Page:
A tale of two companies: GVI and Mace
3Q results for both GVI and Mace were released yesterday, and I couldn't help thinking that the two companies are more than a little comparable, and that Mace could maybe look to GVI's success as instructive. When I first started covering GVI, newly installed management team of Steve Walin and Joe Restivo came to the company swimming in debt and in a somewhat desperate search for funding. Coming off a $4.5 million quarterly loss, "This has led to a situation where the company has just $1.8 million in cash and a working capital deficit of $3.6 million." As in, yikes! However, the company issued a billion shares, raised $4.75 million, and got itself back on track by cutting all non-core business operations, focusing on the Samsung brand and product line, and running a top-notch operation in terms of service and dealer support. Now, even in an economy that continues to lag, especially for those depending on the construction market, GVI is reporting its 11th straight profitable quarter, just as it moves into the private sector, escaping a million bucks a year in money spent to be compliant with government regulations. It's barely profitable, of course: "[N]et income was approximately $84,000 or $0.00 per diluted share, as compared to net income of approximately $254,000, or $0.01 per diluted share, in the quarter ended September 30, 2008." But if you can report profit in this economy, you're pretty happy. Just ask Mace. Despite the efforts of Dennis Raefield, the company continues to struggle. Mace's third quarter results aren't that pretty:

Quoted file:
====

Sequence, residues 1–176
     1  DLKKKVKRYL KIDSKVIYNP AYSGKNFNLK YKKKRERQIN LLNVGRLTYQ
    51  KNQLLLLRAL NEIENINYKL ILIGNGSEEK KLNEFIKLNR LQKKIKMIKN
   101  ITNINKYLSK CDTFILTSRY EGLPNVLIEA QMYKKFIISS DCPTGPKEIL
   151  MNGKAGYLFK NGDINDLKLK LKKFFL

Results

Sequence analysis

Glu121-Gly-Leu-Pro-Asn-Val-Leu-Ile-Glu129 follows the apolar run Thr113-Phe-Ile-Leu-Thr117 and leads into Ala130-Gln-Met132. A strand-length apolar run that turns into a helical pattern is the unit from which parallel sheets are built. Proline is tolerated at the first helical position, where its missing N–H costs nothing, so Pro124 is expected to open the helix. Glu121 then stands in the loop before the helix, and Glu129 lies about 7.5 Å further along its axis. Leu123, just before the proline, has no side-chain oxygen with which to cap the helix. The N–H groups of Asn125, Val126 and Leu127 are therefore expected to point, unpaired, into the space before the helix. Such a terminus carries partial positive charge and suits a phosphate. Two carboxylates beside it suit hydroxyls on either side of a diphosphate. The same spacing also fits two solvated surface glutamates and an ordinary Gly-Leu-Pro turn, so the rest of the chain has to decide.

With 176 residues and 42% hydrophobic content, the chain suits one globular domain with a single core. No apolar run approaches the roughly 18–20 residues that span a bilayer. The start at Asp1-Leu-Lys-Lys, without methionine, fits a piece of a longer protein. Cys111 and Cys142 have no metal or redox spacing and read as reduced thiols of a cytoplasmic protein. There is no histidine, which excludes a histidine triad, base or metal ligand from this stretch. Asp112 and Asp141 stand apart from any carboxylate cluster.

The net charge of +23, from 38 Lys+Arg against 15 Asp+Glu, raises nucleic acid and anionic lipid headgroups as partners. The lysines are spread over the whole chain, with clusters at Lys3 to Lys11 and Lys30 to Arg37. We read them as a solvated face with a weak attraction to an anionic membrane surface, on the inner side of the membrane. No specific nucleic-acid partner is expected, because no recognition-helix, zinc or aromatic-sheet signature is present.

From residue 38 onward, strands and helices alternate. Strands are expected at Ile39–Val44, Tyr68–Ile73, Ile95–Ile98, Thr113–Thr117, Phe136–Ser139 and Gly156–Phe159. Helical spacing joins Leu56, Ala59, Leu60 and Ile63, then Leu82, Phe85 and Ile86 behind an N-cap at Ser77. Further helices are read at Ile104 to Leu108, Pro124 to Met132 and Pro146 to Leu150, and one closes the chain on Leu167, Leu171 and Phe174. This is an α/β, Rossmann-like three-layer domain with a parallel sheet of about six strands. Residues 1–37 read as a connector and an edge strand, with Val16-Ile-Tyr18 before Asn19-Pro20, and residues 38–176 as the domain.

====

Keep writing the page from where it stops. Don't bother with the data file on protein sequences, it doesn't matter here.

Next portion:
Net loss for the three months ended September 30, 2009 was approximately ($2.4) million, or ($0.15) per share, compared to a net loss of approximately ($2.1) million, or ($0.13) per share, for the three months ended September 30, 2008.Further, that larger net loss is on smaller revenues: "Total revenues for the third quarter ended September 30, 2009 were $8.2 million, as compared to $10.3 million for the same period in 2008." Raefield is understandably disappointed and sounding frustrated:
â€œThe third quarter was disappointing in that we were not able to achieve the revenue growth we had anticipated. The effects of the economic downturn which began in 2008 were much longer lasting, limiting new building construction, which continues to delay projects requiring our security products, and separately, negatively impacting our Digital Media business through a tightening of credit availability for our customers. Even with continued rising monthly sales in our Security Segment, we were not able to achieve our overall sales and profit goals. We recognize that, while we are recovering, it is still not fast enough.At this point, even with the CSSS buy, Mace may very well find itself right where GVI was three years back:
The Companyâ€™s net book value was $35.8 million, or $2.23 per share, at September 30, 2009. In addition, Mace had $49.2 million in total assets, including $4.6 million of cash and short-term investments, at September 30, 2009.Losing $2 million a quarter and just $4.6 million in the bank, will Raefield be seeking funding the same way Walin and Restivo were? Very possible. Is the environment for such a placement far worse now than it was in 2006/2007? Um, yes. Might the best option for Mace be a similar acquisition by a private equity firm, getting rid of those pesky public reporting requirements and getting some of the pressure for instant profit off of Raefield's back so he can build the recurring portion of the business without quarterly reports hanging over his head? That kind of makes sense to me. We'll see what happens.